that this painter was the young Sandro Mariano of Florence, who was twenty
years old at the time.
It is highly likely that Sandro was also encouraged by Bernardo Vespucci to set
out on the long road to the Hungarian Kingdom. The Vespucci family was in the
highest echelons of society in Florence: they gave three gonfaloniers and 24
priors to the city between 1350 and 1524. Their palace is in the Ognissanti
neighbourhood of the city, in Borgo Ognissanti, next to the Ospedale di Santa
Maria dell’Umilta, which they founded around 1382. Sandro Mariano’s father,
master tanner Mariano di Vanni Filipepi, purchased a house in Via Nuova (today
Via del Porcellana) opening at the side of the Vespucci Palace. The Mariano and
Vespucci families became next-door neighbours. Later the Vespucci family
commissioned Botticelli, already of great renown in Florence, to paint the fresco
Saint Augustine in his Study for their family chapel in the Ognissanti. It is still one
of the finest ornaments of the church.In the light of all this, it would be no surprise to find the twenty-year-old Sandro
Mariano among the hosts of Italian, particularly Florentine merchants and artisans who
came to work in Hungary. Given the lack of written documents (so far), conjectures
concerning his activity in Esztergom rest on observation of the form and content of the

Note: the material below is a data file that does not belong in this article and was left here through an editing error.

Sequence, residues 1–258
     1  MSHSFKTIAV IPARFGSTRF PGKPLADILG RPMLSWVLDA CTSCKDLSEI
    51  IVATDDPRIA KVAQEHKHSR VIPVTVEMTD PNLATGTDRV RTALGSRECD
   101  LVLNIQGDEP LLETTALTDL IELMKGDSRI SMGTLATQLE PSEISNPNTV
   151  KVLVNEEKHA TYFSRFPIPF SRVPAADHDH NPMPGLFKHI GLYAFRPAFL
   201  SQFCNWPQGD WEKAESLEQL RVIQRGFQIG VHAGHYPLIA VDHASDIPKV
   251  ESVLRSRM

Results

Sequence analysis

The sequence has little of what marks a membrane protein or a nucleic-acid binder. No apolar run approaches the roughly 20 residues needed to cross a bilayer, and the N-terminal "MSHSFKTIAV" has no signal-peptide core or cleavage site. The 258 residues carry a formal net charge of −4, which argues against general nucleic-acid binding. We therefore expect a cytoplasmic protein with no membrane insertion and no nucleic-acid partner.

in situ frescoes, which however have as much persuasive force as any written mention.
WHO COMMISSIONED THE FRESCOES IN ESZTERGOM?
Recent findings confirm the hypothesis made by art historian Antal Leopold in the
1930s and 1940s, notably that the chancellor of King Matthias and archbishop of
Esztergom János Vitéz was the client who ordered the frescoes for his study.12 He began
his administrative career in King Sigismund’s chancery. After the death of King Albert
in 1439, he became the leader of the group of magnates actually governing the
country: they elected Vladislav I Jagiello king of Hungary to rule during the infancy
of King Ladislas V and then put János Hunyadi at the helm of the country. Later, Vitéz
also served as Ladislas’ chancellor, and when the king died he freed Matthias Hunyadi
(Corvinus), who had been detained by Czech George of Poděbrady, and helped him to
the throne. After six years of diplomatic wrangling, Vitéz got the Hungarian Holy
Crown back from Holy Roman Emperor Frederick III. At the same time, Europe
lauded him as Lux Pannoniae for his humanist erudition and patronage of the arts.
The surviving letters and orations of János Vitéz13 clearly reveal that the governing
principle of his life was to promote the reign of virtues. The painted allegories of the
virtues, known for some two-thousand years from Aristotle’s Ethics, survive on the
walls of the first-floor room of the archiepiscopal palace, on the ‘piano nobile’. The
attributes of the solemn female figures of the allegories and the inscriptions above
them clearly indicate their identities: PRUDENTIA, TEMPERANTIA,
FORTITUDO, and JUSTITIA. On the basis of the fresco fragments, research has
established that the painted loggia ran around the studiolo on all four walls, providing
room for at least twelve figures. 15–16th century literary and art relics usually feature